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Cabins


— Architecture

Freedom Yurt-Cabins: A modern take on the nomadic shelter

By - August 21, 2015 12 Pictures

Good ideas tend to stand the test of time and the yurt is no exception, hence the number of modern options on the market. Aurora, Colorado-based Freedom Yurt-Cabins offers its own updated take on the nomadic dwelling, with improvements including energy-efficient windows, a proper front door, and modern insulation. It's available in a number of sizes, with the smallest 217 sq ft (20 sq m) model starting at just under US$12,000.

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— Tiny Houses

2by4 Architects announces new prefab small home range

By - October 29, 2014 10 Pictures
Last year we reported on 2by4 Architects' Recreational Island House, a particularly appealing vacation home constructed on a small island in Loosdrecht, the Netherlands. The Dutch firm received such positive feedback for the project that it was inspired to launch a series of prefabricated small homes based on the design. They're now ready for market and can serve as an office, vacation home, or full-time dwelling, and operate either on- or off-grid. Read More
— Architecture

Rabot Tourist Cabin shelters hikers in Norway's Okstindan mountain range

By - August 21, 2014 23 Pictures
Norwegian architecture firm Jarmund/Vigsnæs Arkitekter (JVA) recently completed a cabin situated some 1,200 m (3,937 ft) above sea level in Norway's rugged Okstindan mountain range. The Rabot Tourist Cabin is one of many official DNT (Norwegian Trekking Association) cabins scattered around the country, and shelters hikers from the harsh local weather conditions. Read More
— Architecture

Sneeoosh Cabin exists harmoniously with nature on the Puget Sound shoreline

By - August 27, 2012 13 Pictures
The best cabins have an special aura – separate from civilization without roughing it, and immersed in nature without drowning therein. Cabins that hit this precise balance must be designed and built in harmony with their surroundings. Sneeoosh Cabin is such a place, built on a wooded shoreline in the beautiful fjords of Puget Sound in Washington state. Located within the Snohomish Indian Reservation, this modern cabin combines a glass-enclosed great room with stunning views of the woods, the waters, and the Olympic mountains in the distance with a sleeping loft whose comfort, quiet, and darkness insure a night of the soundest sleep. Read More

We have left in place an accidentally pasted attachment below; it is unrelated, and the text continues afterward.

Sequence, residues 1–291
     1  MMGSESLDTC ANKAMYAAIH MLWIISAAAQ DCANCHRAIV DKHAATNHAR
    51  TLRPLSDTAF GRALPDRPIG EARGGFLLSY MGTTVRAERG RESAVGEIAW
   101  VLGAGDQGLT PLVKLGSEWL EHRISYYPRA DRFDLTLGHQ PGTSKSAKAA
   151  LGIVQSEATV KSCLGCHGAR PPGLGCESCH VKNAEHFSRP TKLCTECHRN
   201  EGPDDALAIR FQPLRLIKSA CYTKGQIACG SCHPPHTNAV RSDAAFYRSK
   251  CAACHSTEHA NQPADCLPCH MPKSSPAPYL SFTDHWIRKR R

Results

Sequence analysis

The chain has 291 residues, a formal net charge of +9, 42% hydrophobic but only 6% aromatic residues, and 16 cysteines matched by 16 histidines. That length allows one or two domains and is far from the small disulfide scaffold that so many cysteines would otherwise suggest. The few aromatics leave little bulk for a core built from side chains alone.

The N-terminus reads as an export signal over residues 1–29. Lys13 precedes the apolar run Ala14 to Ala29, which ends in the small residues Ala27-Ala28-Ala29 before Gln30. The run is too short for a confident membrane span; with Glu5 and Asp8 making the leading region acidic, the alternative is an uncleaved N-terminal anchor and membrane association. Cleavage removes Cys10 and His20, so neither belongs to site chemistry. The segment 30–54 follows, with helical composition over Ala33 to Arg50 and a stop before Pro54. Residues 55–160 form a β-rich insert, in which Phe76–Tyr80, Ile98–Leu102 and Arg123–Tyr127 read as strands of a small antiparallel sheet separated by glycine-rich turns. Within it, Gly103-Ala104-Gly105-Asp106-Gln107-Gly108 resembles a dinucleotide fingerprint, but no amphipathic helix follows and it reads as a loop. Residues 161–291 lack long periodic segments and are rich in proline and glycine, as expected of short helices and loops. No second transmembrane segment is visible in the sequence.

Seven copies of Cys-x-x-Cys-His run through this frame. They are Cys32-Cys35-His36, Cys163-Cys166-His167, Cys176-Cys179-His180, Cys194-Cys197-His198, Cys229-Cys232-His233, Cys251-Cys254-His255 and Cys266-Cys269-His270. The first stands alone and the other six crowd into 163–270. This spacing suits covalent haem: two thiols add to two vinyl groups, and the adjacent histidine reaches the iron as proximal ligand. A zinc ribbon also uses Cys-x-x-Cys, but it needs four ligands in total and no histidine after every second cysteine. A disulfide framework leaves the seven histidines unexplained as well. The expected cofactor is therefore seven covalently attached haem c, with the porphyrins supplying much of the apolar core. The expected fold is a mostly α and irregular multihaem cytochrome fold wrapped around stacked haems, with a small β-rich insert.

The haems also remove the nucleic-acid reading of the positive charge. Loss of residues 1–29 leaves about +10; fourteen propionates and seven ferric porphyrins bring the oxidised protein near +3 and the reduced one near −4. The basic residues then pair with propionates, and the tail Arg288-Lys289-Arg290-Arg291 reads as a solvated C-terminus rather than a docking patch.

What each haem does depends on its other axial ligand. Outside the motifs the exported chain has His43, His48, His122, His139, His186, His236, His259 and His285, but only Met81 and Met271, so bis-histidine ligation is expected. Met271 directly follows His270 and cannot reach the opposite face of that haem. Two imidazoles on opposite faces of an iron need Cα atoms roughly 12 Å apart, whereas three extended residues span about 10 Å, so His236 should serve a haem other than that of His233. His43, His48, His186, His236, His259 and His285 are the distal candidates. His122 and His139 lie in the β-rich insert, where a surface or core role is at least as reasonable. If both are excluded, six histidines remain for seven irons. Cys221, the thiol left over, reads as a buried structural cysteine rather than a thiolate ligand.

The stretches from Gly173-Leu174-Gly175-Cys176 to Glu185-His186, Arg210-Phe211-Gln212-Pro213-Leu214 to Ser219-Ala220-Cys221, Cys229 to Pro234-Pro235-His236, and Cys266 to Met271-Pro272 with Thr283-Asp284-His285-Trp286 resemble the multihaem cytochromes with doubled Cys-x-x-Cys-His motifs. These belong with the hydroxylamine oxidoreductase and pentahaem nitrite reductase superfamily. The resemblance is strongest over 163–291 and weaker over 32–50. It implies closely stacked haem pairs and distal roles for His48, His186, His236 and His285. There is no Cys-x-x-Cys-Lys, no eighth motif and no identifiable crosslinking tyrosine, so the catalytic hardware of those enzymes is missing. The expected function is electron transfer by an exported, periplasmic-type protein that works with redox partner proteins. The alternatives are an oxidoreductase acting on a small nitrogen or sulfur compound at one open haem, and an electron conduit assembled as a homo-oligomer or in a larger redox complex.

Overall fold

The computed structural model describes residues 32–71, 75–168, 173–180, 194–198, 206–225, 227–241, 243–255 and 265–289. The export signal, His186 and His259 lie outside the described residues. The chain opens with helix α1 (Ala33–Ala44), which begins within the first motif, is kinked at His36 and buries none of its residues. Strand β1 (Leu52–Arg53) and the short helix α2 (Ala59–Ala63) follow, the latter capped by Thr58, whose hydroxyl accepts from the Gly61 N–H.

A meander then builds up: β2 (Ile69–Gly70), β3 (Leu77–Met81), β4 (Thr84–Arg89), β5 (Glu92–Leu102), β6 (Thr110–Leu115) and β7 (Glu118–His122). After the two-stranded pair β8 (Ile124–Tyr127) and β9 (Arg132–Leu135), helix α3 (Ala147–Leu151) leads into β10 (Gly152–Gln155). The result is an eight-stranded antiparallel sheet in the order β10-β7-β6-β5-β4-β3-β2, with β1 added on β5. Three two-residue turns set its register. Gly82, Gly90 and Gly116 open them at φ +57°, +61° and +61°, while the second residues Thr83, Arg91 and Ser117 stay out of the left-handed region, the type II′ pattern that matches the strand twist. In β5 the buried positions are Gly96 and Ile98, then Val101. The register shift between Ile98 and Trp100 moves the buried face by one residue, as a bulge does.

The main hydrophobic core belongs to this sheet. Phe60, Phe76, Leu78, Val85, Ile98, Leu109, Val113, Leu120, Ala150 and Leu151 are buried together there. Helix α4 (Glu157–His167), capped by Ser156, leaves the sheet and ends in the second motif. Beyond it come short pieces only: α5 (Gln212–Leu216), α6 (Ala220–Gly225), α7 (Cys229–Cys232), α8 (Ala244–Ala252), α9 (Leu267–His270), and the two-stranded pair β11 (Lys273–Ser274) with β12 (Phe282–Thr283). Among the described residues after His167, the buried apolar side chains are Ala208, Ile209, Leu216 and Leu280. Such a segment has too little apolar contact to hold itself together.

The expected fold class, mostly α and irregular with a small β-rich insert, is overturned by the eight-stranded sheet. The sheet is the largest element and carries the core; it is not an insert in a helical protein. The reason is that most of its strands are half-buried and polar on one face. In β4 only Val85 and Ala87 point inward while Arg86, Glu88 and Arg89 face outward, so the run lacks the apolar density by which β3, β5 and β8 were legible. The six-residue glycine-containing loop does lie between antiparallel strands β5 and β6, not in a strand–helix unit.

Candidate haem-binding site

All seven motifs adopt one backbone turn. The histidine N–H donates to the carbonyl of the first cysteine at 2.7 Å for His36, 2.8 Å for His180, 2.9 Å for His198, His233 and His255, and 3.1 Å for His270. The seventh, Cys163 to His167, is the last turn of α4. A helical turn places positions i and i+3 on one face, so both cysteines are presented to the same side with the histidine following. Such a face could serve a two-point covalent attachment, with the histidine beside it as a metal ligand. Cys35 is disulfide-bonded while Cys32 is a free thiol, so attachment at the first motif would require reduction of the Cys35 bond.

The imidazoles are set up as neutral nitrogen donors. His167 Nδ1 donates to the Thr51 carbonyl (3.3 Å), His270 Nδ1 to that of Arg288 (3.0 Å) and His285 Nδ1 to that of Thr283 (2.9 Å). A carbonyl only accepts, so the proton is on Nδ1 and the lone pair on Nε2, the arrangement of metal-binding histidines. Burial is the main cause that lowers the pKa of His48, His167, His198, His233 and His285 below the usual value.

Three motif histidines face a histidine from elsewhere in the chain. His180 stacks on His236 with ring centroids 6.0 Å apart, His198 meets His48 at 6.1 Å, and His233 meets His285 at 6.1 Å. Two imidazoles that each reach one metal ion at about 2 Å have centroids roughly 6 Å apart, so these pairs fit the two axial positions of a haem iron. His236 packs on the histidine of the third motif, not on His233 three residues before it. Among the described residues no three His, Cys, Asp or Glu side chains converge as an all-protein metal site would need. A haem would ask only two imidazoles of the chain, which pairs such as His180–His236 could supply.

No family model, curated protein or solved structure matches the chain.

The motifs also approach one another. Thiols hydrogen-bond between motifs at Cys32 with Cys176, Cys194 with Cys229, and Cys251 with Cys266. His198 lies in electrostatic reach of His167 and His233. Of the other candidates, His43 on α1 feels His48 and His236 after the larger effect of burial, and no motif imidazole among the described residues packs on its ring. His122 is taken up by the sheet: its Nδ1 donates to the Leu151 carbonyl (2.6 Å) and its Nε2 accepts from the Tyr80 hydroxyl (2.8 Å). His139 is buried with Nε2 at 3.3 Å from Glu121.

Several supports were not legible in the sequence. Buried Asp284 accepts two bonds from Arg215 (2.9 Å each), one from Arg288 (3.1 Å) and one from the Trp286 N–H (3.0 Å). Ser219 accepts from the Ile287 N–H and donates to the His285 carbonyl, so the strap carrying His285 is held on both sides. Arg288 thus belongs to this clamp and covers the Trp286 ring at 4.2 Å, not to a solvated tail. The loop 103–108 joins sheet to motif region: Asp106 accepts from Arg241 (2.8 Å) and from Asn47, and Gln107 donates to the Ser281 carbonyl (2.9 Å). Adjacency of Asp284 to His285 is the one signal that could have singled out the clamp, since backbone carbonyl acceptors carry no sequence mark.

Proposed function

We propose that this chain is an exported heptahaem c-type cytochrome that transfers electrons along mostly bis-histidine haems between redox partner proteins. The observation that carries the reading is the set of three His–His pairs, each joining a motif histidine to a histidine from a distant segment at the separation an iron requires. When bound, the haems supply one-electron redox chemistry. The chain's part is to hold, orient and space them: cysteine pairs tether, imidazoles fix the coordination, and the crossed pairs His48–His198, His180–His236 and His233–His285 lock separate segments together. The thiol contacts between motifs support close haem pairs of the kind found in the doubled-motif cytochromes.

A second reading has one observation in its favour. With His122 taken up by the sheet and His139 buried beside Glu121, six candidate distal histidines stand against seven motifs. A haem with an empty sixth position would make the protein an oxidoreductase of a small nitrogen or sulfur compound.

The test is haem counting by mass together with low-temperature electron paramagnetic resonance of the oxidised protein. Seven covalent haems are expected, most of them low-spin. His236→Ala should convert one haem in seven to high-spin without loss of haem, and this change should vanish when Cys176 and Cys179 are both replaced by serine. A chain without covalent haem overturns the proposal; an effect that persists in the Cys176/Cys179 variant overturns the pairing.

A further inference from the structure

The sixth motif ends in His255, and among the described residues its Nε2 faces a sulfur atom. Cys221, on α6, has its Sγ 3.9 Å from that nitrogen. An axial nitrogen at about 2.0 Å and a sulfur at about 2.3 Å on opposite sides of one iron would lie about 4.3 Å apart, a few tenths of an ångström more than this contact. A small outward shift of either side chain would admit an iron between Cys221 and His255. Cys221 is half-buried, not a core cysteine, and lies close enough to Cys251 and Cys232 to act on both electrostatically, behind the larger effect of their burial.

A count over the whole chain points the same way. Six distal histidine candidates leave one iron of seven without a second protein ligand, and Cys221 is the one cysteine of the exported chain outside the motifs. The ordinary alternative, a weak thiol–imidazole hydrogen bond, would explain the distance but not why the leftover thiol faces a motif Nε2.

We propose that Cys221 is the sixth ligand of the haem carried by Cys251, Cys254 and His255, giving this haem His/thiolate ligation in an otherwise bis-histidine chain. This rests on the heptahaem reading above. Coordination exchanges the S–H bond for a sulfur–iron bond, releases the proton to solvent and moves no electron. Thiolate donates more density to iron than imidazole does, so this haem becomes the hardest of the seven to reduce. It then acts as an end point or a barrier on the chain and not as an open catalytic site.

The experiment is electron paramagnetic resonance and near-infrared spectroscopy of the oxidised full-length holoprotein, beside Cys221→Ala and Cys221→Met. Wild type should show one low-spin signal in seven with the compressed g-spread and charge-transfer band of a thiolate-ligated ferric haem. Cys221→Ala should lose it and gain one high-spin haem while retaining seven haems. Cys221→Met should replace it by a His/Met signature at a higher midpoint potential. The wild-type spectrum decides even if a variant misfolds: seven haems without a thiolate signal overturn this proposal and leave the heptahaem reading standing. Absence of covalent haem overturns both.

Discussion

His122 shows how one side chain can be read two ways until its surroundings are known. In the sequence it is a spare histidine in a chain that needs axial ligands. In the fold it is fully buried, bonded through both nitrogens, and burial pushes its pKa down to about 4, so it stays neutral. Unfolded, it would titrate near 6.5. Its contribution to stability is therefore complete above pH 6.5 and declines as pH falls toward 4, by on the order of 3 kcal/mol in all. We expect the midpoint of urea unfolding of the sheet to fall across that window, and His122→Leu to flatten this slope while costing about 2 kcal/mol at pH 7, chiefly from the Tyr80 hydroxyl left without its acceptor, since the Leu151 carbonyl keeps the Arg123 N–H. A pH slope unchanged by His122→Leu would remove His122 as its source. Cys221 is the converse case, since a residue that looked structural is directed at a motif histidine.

Black Lodge pines for the great outdoors

Stockholm-based architectural studio Jägnefält Milton has unveiled Black Lodge, a conceptual low-tech reclusive escape designed specifically for the luxury resort of Furillen on the Swedish island of Gotland in the Baltic Sea. Pyramid in form, the lower sections of each side open up to create what designer Konrad Milton described to Gizmag as "more of a campfire situation." Read More
— Holiday Destinations

Vineyard hotel in Mendoza features unique hovering loft accommodation

Located in Mendoza, Argentina amid 6,000 meter (20,000 foot) Andes, Entre Cielos is home to a tree-hotel prototype that offers guests an exclusive escape hovering over lush green vines. Despite Mendoza's naturally barren landscape, the small town utilizes a sophisticated irrigation system that nurtures a hub of over 1200 vineyards. The Entre Cielos vineyard, hotel and spa was conceived in 2009 by a group of Swiss architecture enthusiasts, which is currently developing a series of hovering guest cabins designed by German architectural studio Baumraum. Read More
— Architecture

Juvet is a striking "Landscape Hotel" in the Norwegian wilderness

By - March 12, 2012 40 Pictures
Designed by Norwegian architects Jensen & Skodvin, Juvet is a nature retreat that blends seamlessly with its wild environment. It's a striking landscape hotel, featuring seven small wood cabins perched on a river bank and nestled amongst birch, aspen, pine and nature-sculpted boulders. Located outside the small town of Gudbrandsjuvet, Norway (approximately five hours drive north of Oslo), the hotel is positioned amid its main attraction - the pristine forest. Read More
— Good Thinking

High-rise rescue system evacuates buildings using exterior collapsible cabins

By - June 7, 2010 7 Pictures
There would be few scarier places to be in the event of a fire than in a high-rise building with no means of escape. Tragedies such as the World Trade Center disaster have highlighted the vulnerability of the building’s core and emergency stairwell as the only venue for evacuation. We've seen some last resort options that cater for those individuals brave enough to rappel or even parachute from the building, but that's still only part of the equation. When escape routes are compromised it not only prevents evacuation, but also prevents emergency personnel reaching the trouble spots. Escape Rescue Systems' solution is to use collapsible cabins which can be lowered over the side of the building to transport rescue personnel up... and evacuate building occupants down. Read More
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